SHEILAH KAST, host:
Summer is in full swing. Backyard barbecues, books by the poolside, and a summer movie in the chilly comfort of a theater.
Joining us to talk about his summer must-reads, from his home in Dallas, Texas, is Academy Award-nominated film director John Davis. Davis' newest project, the Warner Brothers animated film, the Ant Bully, hits the big screen at the end of the month.
Hi, welcome to the program.
Mr. JOHN DAVIS (Film Director): Hi. Thanks.
KAST: Do you have much time for reading this summer?
Mr. DAVIS: Well, you know, it's kind of hard to sneak it in, in between writing and directing, but actually I do a lot of reading for research for things.
But when I do have free time, I've been going back and actually re-reading a lot of books that I read in my younger days. I used to read a lot of science fiction literature, particularly authors like Robert Heinlein and Philip Jose Farmer. One of my favorites when I was in school was a book called The Star Beast, and I've been re-reading that.
KAST: What is the urge beyond going back and re-reading? Why does this seem like a good time to go back and delve into things you've already read?
Mr. DAVIS: Well, part of it is that reconnecting with things that excited me when I was younger, because obviously the films that I make are targeted to more of a family audience and a younger audience, and so I sort of reconnect to things that excited me when I was younger.
KAST: Can you give us one or two favorite Robert Heinlein titles?
Mr. DAVIS: Yeah, The Star Beast, that I mentioned, was one of my favorite of his youth novels. And Glory Road was another one. Later books, like Stranger in a Strange Land, was one of my favorites. Time Enough for Love.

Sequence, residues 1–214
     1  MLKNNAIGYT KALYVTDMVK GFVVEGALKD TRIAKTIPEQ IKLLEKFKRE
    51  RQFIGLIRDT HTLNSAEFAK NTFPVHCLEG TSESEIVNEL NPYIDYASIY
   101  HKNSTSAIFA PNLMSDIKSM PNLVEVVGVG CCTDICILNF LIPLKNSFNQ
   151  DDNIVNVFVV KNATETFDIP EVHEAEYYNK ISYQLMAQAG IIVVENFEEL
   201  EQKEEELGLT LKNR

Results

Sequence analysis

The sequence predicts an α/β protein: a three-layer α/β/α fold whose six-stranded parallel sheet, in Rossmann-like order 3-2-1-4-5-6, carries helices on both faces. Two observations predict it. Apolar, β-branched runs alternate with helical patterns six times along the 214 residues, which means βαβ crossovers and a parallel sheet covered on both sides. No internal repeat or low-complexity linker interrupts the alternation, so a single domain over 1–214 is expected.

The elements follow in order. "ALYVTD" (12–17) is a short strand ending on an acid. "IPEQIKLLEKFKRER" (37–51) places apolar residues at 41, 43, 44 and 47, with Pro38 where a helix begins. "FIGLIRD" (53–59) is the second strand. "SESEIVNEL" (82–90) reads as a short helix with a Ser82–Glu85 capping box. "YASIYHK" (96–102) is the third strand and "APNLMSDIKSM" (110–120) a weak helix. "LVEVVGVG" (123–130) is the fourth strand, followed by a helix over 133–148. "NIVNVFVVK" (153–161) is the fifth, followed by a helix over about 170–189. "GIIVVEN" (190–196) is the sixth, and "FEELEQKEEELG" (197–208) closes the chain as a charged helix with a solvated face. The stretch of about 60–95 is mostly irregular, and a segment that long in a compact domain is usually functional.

He started getting into more adult themes later, but they still just, I just loved his writing.
KAST: Now the film, The Ant Bully, is based on a book by John Nickle. Tell us more about the other reading that you did while you were working on that script.
Mr. DAVIS: I read a lot doing research. I tried to not read a lot of fiction that was based on any sort of, you know, ant ideas, because I wanted to be somewhat fresh. But I did read a lot of, you know, did a lot of research on just the science of ants and colonies and how they function. And then also tried to draw parallels with aboriginal culture in terms of how aborigines are capable of doing some pretty amazing things, like communicating over long distances without any means of, you know, any technical assistance. And scientists are still, you know, sort of baffled how they're able to do this, and kind of drawing parallels to the way ants communicate using odor cues over long distances. And so sort of an interesting parallel, and it helped kind of flesh out that world.
KAST: Director John Davis joined us on the phone from his home in Dallas, Texas. Thanks so much.
Mr. DAVIS: Great. Thanks.
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